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The recipe for the falernum I meant to serve at the session (before the box of bottles was misplaced in the Monteleone storage room) is in the current issue of Imbibe; it's a slight variation on a recipe I posted last year. Please note that this is modeled on the Stansfeld-Sazerac family of falernum (used primarily in mid-century tiki drinks, and the model for Fee Brothers falernum), so it is much tarter and more citrusy than the John D. Taylor Velvet Falernum most people are accustomed to. Though, with the recipe, you could easily tweak it to the Velvet style, by reducing or eliminating the lime juice and very slightly increasing the amount of cloves.

The recipe for Chuck Taggart's pimento dram is on his site, The Gumbo Pages; we didn't have room for it in the Imbibe story, but the recipe is also listed on my site and on Imbibe's blog, so the bases are covered.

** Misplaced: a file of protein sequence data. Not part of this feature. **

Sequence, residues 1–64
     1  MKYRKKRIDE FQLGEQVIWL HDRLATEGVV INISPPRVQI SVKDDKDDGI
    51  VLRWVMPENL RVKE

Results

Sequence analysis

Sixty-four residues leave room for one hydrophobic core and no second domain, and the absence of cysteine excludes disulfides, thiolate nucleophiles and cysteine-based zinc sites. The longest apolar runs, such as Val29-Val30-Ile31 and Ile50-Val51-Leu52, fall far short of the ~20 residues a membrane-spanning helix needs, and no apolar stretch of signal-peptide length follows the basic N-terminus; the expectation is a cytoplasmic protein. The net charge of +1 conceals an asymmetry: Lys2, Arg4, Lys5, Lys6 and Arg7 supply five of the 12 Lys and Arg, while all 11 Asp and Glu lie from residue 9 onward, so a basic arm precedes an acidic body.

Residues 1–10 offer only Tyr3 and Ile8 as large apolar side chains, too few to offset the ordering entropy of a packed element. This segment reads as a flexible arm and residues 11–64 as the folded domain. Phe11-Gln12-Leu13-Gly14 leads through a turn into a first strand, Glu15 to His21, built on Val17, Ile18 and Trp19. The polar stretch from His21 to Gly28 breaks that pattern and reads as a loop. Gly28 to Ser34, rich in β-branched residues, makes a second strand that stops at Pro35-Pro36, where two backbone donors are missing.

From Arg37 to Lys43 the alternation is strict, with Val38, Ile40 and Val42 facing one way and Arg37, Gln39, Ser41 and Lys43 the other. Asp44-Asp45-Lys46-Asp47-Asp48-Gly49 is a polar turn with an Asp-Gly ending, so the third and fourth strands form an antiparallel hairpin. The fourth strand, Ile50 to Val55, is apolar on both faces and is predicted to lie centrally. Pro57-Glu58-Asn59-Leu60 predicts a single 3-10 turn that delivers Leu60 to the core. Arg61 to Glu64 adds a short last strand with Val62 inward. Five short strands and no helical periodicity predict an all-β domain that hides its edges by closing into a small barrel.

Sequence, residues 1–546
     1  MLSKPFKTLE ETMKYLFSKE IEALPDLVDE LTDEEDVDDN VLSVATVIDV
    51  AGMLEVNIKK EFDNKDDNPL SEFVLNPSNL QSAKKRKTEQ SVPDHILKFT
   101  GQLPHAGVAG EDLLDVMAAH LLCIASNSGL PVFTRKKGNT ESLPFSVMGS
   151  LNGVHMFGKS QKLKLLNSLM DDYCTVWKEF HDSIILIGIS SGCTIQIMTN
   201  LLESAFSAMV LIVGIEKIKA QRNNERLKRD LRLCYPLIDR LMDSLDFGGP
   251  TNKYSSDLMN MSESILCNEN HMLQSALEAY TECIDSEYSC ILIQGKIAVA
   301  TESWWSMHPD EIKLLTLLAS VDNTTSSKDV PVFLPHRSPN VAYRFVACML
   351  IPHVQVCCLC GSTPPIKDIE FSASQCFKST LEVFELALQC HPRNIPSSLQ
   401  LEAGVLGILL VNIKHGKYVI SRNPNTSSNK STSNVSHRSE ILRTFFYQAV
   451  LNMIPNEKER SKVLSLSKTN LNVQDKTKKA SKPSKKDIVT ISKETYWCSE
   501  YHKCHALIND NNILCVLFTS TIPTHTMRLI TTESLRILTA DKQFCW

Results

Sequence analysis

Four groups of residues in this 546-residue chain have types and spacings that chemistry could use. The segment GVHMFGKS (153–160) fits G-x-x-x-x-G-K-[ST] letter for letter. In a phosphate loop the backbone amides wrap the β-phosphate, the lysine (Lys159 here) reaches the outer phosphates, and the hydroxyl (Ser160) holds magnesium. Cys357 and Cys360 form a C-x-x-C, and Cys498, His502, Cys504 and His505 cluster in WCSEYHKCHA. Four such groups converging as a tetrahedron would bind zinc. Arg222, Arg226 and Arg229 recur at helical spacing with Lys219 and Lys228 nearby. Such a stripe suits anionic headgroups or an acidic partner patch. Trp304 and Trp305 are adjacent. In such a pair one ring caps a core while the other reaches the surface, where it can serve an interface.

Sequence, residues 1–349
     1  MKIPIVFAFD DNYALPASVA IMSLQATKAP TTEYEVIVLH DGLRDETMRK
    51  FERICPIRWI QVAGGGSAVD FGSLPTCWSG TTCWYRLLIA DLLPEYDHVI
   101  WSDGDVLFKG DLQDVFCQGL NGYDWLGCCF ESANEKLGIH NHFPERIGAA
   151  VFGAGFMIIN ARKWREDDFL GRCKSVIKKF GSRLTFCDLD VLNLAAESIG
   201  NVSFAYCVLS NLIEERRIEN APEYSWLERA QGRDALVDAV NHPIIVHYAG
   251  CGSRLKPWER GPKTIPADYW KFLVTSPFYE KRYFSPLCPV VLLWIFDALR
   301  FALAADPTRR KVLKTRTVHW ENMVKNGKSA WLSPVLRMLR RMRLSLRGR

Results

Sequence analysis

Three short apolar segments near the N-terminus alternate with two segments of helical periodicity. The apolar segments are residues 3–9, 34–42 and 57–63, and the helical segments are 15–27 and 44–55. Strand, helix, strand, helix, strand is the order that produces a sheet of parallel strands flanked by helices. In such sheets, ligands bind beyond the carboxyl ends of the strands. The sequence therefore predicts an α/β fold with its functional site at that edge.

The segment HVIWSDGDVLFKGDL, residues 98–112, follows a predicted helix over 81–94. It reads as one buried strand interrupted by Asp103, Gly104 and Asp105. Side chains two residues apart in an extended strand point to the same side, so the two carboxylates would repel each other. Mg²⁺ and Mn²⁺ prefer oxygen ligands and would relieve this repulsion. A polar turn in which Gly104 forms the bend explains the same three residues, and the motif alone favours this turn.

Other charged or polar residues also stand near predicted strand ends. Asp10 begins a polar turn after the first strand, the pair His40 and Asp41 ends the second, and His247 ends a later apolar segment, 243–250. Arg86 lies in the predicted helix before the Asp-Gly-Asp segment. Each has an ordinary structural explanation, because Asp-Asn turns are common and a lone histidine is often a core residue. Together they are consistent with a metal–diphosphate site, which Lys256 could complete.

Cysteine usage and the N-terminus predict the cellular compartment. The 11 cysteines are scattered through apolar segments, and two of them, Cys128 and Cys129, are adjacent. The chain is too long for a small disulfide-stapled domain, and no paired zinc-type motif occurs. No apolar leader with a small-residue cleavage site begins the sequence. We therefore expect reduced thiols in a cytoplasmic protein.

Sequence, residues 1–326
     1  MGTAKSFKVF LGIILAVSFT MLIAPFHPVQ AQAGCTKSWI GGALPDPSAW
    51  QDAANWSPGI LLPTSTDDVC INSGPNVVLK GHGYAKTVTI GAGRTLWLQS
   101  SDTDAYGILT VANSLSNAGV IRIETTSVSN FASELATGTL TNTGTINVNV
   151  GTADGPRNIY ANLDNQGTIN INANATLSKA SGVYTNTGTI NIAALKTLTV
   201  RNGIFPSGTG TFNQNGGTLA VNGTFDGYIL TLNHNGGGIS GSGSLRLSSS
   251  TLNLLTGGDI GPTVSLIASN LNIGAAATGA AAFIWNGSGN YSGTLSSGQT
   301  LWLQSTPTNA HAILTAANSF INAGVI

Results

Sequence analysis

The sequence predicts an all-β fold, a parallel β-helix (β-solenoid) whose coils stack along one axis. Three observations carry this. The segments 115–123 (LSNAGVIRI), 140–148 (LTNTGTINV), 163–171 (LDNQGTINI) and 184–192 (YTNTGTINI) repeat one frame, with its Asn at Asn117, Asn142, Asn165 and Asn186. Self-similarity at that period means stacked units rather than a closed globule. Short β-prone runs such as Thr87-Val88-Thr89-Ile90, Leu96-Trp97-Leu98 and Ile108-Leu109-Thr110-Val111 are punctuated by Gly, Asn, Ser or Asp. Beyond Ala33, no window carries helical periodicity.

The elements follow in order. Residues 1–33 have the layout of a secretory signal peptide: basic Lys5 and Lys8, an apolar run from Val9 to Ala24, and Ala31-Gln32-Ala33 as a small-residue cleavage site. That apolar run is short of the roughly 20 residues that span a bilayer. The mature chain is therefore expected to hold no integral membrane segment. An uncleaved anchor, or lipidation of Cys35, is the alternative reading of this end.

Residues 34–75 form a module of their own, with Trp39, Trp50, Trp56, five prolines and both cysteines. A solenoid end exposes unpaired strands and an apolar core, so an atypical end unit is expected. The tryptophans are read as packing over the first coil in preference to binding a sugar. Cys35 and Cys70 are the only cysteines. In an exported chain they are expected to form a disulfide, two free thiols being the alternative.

An item I mentioned at the Lost Ingredients panel but we didn't serve was a classic Amer Picon replica crafted by Jamie Boudreau (recipe for which is also in the current Imbibe). In my presentation, I said I hadn't had a chance to taste the replica side-by-side with the classic Picon from pre-reformulation, only the current version, which the replica dwarfed in vibrance and flavor; immediately after the panel, though, Lenell Smothers approached with a flask of the original, and since Jamie was in the crowd, we were able to taste the classic and the replica next to each other. The matchup was almost perfect -- Ted Haigh remarked the replica is just ever-so-slightly sweeter than the classic. From what I understand, Jamie is addressing this with his next batch.

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Thanks Paul!!! You're awesome! I shall have to commit these recipes to a separate file and save them for all eternity. Very excited to get started on these...

Now if we could just convince Jacquin's to restart production on Creme de Yvette... :smile:

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Now if we could just convince Jacquin's to restart production on Creme de Yvette... :smile: